Christmas crackers are an important part of Christmas celebrations in many English-speaking countries, especially in the United Kingdom, Ireland, Australia, New Zealand, Canada, and South Africa. A cracker consists of a cardboard tube wrapped in coloured paper with a gift, a crown-like paper hat, and a motto or joke on a small piece of paper inside the central chamber. One person pulling one end of the cracker, another person the other end. When the cracker splits a snapping sound, similar to the sound produced by a cap gun, can be heard. This is due to the presence of a card strip impregnated with a special chemical inside the cracker. Christmas crackers are commonly pulled at the Christmas dinner table. The joke or riddle is told and the hat worn during the meal. The tradition of pulling crackers at Christmas dates back to at least the mid 19th century.
Lay or Lie
Many people get confused over whether to use the words ‘lay’ or ‘lie’ in English.
Here’s our very brief guide.
Basically, lay means ‘to put something down’. Whereas, lie means to ‘recline’ or ‘to be in or put yourself into a flat position’.
Lay must have an object — something being laid. While lie cannot have an object.
For example, you might lay a plate on the table before eating. But when you feel tired, you lie down. You can’t lie a plate anywhere, and you can’t lay down when you want to go to sleep.
Lay is a regular verb. Lie is an irregular verb.
I hope this explanation about the difference between the words lay and lie helps in some small way.
Oh, and remember: lie can also mean ‘say something which is not true’.
As ever if you have any questions or comments to make on today’s language related point please make contact!
Here’s a question sent in by a recent visitor to the site: “who was the first king of England?”. The answer to this question is, however, not as simple as it might appear. Some historians will say it was King Alfred, others Cnut the Great, and still others Henry II. Here’s my answer.
Athelstan (c.894 – 939 AD), the son of Edward the Elder and grandson of Alfred the Great, was the first king to rule all of England. It was Athelstan who first united the kingdoms of Mercia and Northumbria with his kingdom Wessex to create a united English kingdom. During his lifetime Athelstan was usually referred to as ‘King of the English’ (rex Anglorum), and on occasion as ‘King of all Britain’ (rex totius Britanniae). Althelstan reigned from 925 to his death at the age of 45 in 939.
However, to muddy the waters, it should be noted that Athelstan’s grandfather, Alfred the Great, was the first to be crowned ‘King of the English’, but, his kingdom did not include all of present-day England.
We’ll look at the equally contentious answer to the question ‘who was the first Queen of England?’ at a later date!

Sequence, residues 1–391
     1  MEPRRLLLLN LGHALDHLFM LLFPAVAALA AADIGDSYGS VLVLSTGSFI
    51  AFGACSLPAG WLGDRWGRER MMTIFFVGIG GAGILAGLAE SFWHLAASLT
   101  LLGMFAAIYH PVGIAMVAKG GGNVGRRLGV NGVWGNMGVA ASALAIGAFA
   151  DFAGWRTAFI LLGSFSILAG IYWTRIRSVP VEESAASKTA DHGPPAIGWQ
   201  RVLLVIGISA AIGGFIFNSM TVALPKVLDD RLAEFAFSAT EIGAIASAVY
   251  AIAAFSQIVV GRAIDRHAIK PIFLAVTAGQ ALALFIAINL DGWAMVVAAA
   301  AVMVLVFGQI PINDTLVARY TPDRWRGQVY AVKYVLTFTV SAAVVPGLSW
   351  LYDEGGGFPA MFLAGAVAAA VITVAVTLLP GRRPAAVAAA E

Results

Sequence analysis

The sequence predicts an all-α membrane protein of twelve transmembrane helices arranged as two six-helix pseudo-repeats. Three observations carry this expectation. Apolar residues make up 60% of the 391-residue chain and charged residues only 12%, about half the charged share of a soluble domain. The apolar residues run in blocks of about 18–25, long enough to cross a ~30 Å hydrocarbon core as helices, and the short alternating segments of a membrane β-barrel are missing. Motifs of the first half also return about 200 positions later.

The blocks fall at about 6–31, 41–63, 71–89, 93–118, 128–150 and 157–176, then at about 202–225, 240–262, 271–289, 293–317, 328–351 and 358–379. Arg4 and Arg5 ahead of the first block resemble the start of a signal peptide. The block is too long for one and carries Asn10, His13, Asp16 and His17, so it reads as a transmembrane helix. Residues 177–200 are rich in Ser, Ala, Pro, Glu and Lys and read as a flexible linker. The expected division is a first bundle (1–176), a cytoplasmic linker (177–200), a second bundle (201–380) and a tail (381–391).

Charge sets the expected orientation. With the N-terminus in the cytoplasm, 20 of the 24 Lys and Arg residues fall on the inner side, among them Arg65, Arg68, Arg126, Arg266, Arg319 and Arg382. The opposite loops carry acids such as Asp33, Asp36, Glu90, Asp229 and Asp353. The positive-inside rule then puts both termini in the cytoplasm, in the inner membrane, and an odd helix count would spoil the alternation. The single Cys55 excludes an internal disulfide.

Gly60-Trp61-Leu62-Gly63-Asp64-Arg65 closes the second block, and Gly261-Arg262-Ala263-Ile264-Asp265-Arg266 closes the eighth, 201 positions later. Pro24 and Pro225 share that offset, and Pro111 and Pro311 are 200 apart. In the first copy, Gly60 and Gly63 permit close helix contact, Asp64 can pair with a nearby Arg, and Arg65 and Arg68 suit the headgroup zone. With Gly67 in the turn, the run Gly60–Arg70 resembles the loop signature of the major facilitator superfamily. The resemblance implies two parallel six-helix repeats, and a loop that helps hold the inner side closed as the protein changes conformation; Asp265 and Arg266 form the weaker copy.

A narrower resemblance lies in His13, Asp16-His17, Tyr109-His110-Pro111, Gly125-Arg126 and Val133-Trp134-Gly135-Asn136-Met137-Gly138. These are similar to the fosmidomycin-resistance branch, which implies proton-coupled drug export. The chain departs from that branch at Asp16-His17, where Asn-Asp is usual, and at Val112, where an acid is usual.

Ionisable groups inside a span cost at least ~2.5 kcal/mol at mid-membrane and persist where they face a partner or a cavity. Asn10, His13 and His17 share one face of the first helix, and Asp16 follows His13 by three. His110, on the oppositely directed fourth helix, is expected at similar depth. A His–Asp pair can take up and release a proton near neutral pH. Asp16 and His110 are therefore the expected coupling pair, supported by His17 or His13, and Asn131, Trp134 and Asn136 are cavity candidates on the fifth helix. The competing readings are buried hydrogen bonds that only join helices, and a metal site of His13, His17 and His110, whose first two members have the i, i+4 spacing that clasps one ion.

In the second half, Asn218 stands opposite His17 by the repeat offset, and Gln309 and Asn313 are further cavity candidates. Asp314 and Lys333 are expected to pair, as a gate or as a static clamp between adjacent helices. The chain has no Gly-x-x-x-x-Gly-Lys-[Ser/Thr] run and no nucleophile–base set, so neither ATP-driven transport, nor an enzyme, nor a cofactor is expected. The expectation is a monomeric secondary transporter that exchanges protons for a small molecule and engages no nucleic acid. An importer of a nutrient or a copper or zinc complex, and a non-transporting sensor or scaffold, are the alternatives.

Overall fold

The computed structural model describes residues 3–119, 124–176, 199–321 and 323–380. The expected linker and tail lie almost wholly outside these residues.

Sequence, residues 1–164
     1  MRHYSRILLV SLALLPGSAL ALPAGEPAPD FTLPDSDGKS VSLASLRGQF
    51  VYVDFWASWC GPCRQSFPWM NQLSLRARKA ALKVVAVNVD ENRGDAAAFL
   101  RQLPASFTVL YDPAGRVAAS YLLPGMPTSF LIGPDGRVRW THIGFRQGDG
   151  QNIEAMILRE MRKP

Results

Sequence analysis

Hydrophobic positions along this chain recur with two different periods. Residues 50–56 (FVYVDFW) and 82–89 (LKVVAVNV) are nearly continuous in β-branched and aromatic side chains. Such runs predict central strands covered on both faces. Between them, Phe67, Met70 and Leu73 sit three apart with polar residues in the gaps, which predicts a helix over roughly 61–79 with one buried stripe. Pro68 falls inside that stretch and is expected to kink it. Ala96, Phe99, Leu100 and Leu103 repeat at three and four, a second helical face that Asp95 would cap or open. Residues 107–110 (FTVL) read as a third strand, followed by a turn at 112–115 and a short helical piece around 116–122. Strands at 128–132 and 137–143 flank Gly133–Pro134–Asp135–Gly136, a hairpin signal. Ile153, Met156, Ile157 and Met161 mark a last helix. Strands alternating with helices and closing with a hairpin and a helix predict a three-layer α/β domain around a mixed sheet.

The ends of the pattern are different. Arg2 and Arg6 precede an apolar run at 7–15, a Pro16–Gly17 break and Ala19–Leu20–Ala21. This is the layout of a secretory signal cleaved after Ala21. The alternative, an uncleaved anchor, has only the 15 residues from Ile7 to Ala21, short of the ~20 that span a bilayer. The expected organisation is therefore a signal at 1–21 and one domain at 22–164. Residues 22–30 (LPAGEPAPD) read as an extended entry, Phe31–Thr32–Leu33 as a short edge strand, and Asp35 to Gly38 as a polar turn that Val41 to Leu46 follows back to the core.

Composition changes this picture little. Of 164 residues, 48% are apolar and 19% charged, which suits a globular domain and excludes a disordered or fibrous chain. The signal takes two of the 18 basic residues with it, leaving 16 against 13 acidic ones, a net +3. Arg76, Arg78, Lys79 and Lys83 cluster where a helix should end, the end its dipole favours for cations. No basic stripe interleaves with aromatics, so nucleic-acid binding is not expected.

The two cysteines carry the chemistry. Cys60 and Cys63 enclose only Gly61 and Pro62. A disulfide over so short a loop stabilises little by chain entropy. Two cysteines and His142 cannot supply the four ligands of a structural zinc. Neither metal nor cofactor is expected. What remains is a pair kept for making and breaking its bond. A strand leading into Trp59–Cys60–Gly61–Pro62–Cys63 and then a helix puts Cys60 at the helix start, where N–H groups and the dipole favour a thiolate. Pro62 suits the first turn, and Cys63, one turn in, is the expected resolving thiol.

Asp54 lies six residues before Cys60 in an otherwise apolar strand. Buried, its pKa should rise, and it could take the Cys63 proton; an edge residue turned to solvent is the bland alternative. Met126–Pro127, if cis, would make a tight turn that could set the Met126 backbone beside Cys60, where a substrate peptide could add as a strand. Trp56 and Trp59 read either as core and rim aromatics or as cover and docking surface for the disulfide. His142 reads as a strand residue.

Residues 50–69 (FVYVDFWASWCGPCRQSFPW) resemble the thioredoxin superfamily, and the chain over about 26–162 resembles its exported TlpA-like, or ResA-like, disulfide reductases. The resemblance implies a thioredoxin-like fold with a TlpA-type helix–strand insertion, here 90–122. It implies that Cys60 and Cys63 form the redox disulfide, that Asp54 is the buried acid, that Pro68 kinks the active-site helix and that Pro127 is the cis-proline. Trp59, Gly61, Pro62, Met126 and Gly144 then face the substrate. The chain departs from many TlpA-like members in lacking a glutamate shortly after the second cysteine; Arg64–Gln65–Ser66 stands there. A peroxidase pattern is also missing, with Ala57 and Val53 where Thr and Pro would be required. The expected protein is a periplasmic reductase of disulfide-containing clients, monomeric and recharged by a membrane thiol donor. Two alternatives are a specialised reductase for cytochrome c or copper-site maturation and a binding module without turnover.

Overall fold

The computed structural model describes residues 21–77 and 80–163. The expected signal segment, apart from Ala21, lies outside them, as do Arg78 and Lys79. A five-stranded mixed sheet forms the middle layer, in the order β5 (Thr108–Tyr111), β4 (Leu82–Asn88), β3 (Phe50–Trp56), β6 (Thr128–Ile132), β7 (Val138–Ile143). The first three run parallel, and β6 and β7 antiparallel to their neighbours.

Today’s culture spot is dedicated to that most tasty of cheeses, Cheddar Cheese!
Some things you may not know about Cheddar Cheese:
– Cheddar cheese is named after the village of the same name in England where this most delicious of cheeses has been produced since at least the 12th century.
– Traditionally the cheese was matured in the many caves to be found in the village of Cheddar in Somerset, south-west England.
– A good quality strong Cheddar needs to be matured for at least 12 months.
– It is the most popular type of cheese in the UK, Australia, and Canada; and is the second-most-popular cheese in the US, behind Mozzarella.
Offsite link: Cheddar Cheese made in Cheddar in Somerset.
My word of the day is:
Disheveled / dishevelled
Dishevelled is an adjective meaning in disarray, unkempt or disorderly.
If you describe someone’s hair or appearance as dishevelled, you mean that it is untidy.
Synonyms of the word dishevelled include: disarranged, disordered, messy, scruffy, untidy, unkempt.
Example of the word dishevelled in use in a sentence:
“His appearance was dishevelled and he was wearing light-coloured clothing, possibly beige.”
Click here to listen the word dishevelled being spoken by a native speaker of English from the south-west of England.
Note: In American English the word is generally spelled disheveled. Whereas, in British English the more usual spelling is dishevelled.
Come back soon to discover another beautiful English word.
Foreign language Word of the Day
The word ‘anglik’ is Polish for ‘Englishman’.
On a related subject simply complete the form below to make contact with the anglik website.
To mark the arrival of new year we’ve decided to completely revamp the anglik website! Instead of the old, fixed html webpages all new content will use this easy to use, mobile-friendly WordPress system. One of us will post content related to either English as a second or foreign language, British Culture, or the History of English-speaking countries on a regular basis, so please come back soon and have a look.
The old site can still be accessed via the English index page.
Today’s language point …
Want to know how to say ‘Happy New Year’ in another language?
Here are a few ways:
Dutch – Gelukkig nieuwjaar.
French – Bonne Année.
German – Ein frohes neues Jahr / Ein gutes neues Jahr.
Polish – Szczesliwego Nowego Roku.
Feel free to add any other ways of saying Happy New Year in other languages to the comments section!